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  • 1. Asiegbu, F O
    et al.
    Nahalkova, Jarmila
    Department of Forest Mycology and Pathology, Swedish University of Agricultural Sciences, Uppsala, Sweden.
    Li, G S
    Pathogen-inducible cDNAs from the interaction of the root rot fungus Heterobasidion annosum with Scots pine (Pinus sylvestris L.)2005In: Plant Science, ISSN 0168-9452, E-ISSN 1873-2259, Vol. 168, no 2, p. 365-372Article in journal (Refereed)
    Abstract [en]

    Subtractive hybridization was used to select cDNAs representing genes that are differentially expressed during interaction of the necrotroph Heterobasidion annosum and its conifer host (Pinus sylvestris). We obtained 966 ESTs from the subtraction cDNA library, which included 509 singletons and 147 contigs. The sequences of 492 clones (51%) significantly matched National Centre for Biotechnology Information Database entries. Four hundred and seventy-four ESTs (49%) had not been previously described. The ESTs with moderate to high similarity scores based on BlastX were organized into categories based on their putative function. Among the genes identified, 16% were associated with metabolism and other cellular functions, 14% with cell rescue and defence and 39% were classified as unknown. Seven of the genes shared significant homology to fungal genes. A cDNA encoding an antimicrobial peptide (AMP) was the most abundant transcript representing 2% of the total sequenced clones. The expression pattern of five ESTs (peroxidase, anti-microbial peptide, resistance gene analogue, unknown protein, thaumatin) were analysed by virtual Northern blot, and confirmed elevated levels of the gene transcripts upon pathogen infection. These ESTs provide insight into the host-pathogen interaction and also represent a resource for future research on H. annosum-conifer pathosystems.

  • 2. Baguma, Yona
    et al.
    Sun, Chuanxin
    Ahlandsberg, Staffan
    Mutisya, Joel
    Palmqvist, Sara
    Uppsala University, University Administration, Faculty Offices.
    Rubaihayo, Patrick R.
    Magambo, Michael J.
    Egwang, Thomas G.
    Larsson, HÃ¥kan
    Jansson, Christer
    Expression patterns of the gene encoding starch branching enzyme II in the storage roots of cassava (Manihot esculenta Crantz)2003In: Plant Science, ISSN 0168-9452, E-ISSN 1873-2259, Vol. 164, no 5, p. 833-839Article in journal (Refereed)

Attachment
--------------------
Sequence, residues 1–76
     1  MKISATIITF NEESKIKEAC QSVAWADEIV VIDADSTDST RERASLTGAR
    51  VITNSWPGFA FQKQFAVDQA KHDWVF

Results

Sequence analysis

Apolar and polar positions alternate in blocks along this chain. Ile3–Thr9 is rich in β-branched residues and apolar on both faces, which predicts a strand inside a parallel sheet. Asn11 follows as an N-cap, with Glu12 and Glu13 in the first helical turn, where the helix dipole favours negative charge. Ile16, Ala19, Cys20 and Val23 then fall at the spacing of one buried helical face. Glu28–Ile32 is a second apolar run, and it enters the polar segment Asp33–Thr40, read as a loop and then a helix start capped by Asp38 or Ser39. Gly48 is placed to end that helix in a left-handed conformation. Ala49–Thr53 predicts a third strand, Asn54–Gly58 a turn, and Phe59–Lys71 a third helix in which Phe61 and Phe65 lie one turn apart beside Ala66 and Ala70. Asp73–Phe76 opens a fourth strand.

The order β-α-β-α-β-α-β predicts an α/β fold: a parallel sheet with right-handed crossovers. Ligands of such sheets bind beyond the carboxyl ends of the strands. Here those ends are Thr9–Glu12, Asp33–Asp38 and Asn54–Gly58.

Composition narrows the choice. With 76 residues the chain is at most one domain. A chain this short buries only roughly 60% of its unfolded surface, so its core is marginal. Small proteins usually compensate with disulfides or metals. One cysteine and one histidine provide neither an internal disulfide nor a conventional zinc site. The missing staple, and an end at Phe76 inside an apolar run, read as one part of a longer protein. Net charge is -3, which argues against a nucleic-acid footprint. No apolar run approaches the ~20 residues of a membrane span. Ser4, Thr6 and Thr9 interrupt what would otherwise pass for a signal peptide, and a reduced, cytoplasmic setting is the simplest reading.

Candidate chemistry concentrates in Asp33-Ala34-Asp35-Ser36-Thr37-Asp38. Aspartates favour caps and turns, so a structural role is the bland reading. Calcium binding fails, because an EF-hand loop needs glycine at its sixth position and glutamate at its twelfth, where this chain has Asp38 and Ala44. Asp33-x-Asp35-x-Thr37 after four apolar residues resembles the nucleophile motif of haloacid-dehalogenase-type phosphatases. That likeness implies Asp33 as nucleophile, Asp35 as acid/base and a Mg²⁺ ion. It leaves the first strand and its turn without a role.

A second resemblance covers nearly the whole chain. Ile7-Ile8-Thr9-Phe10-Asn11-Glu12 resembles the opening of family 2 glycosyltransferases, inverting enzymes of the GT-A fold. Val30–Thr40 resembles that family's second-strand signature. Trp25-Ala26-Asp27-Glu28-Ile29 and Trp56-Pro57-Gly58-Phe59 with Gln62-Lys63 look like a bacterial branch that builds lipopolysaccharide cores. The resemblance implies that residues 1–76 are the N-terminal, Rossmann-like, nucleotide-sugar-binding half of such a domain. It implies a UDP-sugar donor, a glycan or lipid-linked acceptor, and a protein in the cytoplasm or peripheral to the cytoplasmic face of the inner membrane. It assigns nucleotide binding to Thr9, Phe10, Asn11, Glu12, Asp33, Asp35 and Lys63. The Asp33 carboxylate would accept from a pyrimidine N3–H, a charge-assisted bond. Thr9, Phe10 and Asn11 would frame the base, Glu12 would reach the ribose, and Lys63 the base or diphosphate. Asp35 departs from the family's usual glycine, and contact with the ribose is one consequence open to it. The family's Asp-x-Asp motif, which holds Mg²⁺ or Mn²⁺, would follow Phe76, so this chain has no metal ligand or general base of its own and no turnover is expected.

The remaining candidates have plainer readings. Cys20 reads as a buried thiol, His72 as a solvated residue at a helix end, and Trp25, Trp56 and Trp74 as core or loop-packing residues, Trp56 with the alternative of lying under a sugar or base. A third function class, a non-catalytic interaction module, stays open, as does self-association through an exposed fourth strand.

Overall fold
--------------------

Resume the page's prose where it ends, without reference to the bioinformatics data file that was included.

Abstract [en]

    Spatial and temporal expression patterns of the sbeII and sbeI genes, encoding starch branching enzyme II and I, respectively, in cassava (Manihot esculenta Crantz) were studied at different phenological stages of the crop. A partial cDNA for sbeII in cassava was cloned and used along with a cDNA-specific fragment of sbeI. As the cassava plant aged, the transcriptional activity of the sbeII and sbeI genes in the underground storage roots increased, whereas the activity in other organs remained the same or declined. At 180 days after planting (d.a.p.), levels of sbeII and sbeI transcripts in storage roots were very low, whereas at 360 d.a.p., the levels had increased dramatically. The 360 d.a.p. old storage roots also accumulated gbssII and gbssI transcripts, as well as a longer gbssI transcript, gbssI′. The difference between the gbssI and gbssI′ transcripts was shown to be due to differential splicing, whereby the gbssI′ transcript retained the first three introns. Unexpectedly, expression of sbeII and sbeI in the 360 d.a.p. storage roots exhibited fluctuations during the 24 h cycle, both under the normal light/dark regime and under continuous light or continuous dark conditions.

  • 3. Blair, Matthew W.
    et al.
    Cortés, Andrés J.
    Uppsala University, Disciplinary Domain of Science and Technology, Biology, Department of Ecology and Genetics, Plant Ecology and Evolution.
    This, Dominique
    Identification of an ERECTA gene and drought adaptation associations in wild and cultivated common bean2016In: Plant Science, ISSN 0168-9452, E-ISSN 1873-2259, Vol. 242, p. 250-259Article in journal (Refereed)
    Abstract [en]

    In this research, we cloned and accessed nucleotide diversity in the common beanERECTA gene which has been implicated in drought tolerance and stomatal patterning.The homologous gene segment was isolated with degenerate primer and was found to be located on Chromosome 1. The gene had at least one paralog on Chromosome 9 and duplicate copies in soybean for each homolog. ERECTA-like genes were also discovered but the function of these was of less interest due to low similarity with the ERECTA gene from Arabidopsis. The diversity of the 5’ end of the large Chr. 1 PvERECTA gene was evaluated in a collection of 145 wild and cultivated common beans that were also characterized by geographic source and drought tolerance, respectively. Our wild population sampled a range of wet to dry habitats, while our cultivated samples were representative of landrace diversity and the patterns of nucleotide variation differed between groups. The 5’ region exhibited lower levels of diversity in the cultivated collection, which was indicative of population bottlenecks associated with the domestication process, compared to the wild collection where diversity was associated with ecological differences. We discuss associations of nucleotide diversity at PvERECTA with drought tolerance prediction for the genotypes.

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